The Fichtelseemoor in the Fichtelgebirge is in the saddle between Ochsenkopf and Schneeberg. Here in one of the most valuable nature reserves in northern Bavaria, there are very interesting communities typical marsh plants like the sundew, the mountain pine, several species of orchids and of course moss-plants. Insects - even the little blood suckers - buzzing around -. And everywhere, it gurgles and gurgles and the dark brown bog water seeps into the shoes ... Never mind, the experience is worth it!
From the so called Seehaus-parking lot at the highway B303 there is a short, very popular hike through the marsh down to Fichtelsee. Here you get a good impression of this pristine landscape.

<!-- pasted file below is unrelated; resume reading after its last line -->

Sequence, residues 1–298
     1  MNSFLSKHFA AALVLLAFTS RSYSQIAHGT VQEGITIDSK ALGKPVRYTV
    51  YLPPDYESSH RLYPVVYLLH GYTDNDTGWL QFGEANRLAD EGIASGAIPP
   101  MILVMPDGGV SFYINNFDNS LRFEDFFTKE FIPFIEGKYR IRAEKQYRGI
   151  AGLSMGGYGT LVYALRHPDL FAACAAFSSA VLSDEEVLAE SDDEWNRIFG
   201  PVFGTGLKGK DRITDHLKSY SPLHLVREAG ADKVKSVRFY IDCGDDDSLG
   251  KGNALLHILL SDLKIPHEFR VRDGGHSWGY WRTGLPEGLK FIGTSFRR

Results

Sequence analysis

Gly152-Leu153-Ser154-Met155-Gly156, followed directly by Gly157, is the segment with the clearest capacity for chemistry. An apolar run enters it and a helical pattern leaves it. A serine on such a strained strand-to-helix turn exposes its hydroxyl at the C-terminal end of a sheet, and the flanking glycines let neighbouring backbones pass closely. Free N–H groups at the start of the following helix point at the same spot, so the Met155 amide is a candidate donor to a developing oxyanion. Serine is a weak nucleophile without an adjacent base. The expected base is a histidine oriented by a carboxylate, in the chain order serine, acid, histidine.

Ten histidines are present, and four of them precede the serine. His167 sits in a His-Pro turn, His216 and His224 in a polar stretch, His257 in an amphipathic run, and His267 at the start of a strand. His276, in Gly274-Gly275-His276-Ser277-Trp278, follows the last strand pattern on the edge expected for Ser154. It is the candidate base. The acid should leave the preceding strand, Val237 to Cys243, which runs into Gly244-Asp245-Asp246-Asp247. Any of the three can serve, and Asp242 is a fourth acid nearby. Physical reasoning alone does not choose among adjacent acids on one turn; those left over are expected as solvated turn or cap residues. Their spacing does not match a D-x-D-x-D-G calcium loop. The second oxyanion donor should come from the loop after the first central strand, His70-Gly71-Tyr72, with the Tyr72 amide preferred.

Wikipedia: Franconia (German: Franken) is a region of Germany comprising the northern parts of the modern state of Bavaria, a small part of southern Thuringia, and a region in northeastern Baden-Württemberg called Heilbronn-Franken. The Bavarian part is made up of the administrative regions of Lower Franconia (Unterfranken), Middle Franconia (Mittelfranken), and Upper Franconia (Oberfranken).Franconia (like France) is named after the Germanic tribe of the Franks. This tribe played a major role after the breakdown of the Roman Empire and colonised large parts of medieval Europe.Modern day Franconia comprises only a very tiny and rather remote part of the settlement area of the ancient Franks. In German, Franken is used for both modern day Franconians and the historic Franks, which leads to some confusion. The historic Frankish Empire, Francia, is actually the common precursor of the Low Countries, France and Germany. In 843 the Treaty of Verdun led to the partition of Francia into West Francia (modern day France), Middle Francia (from the Low Countries along the Rhine valley to northern Italy) and East Francia (modern day Germany). Frankreich, the German word for "France", and Frankrijk, the Dutch word for "France"; literally mean "the Frankish Empire".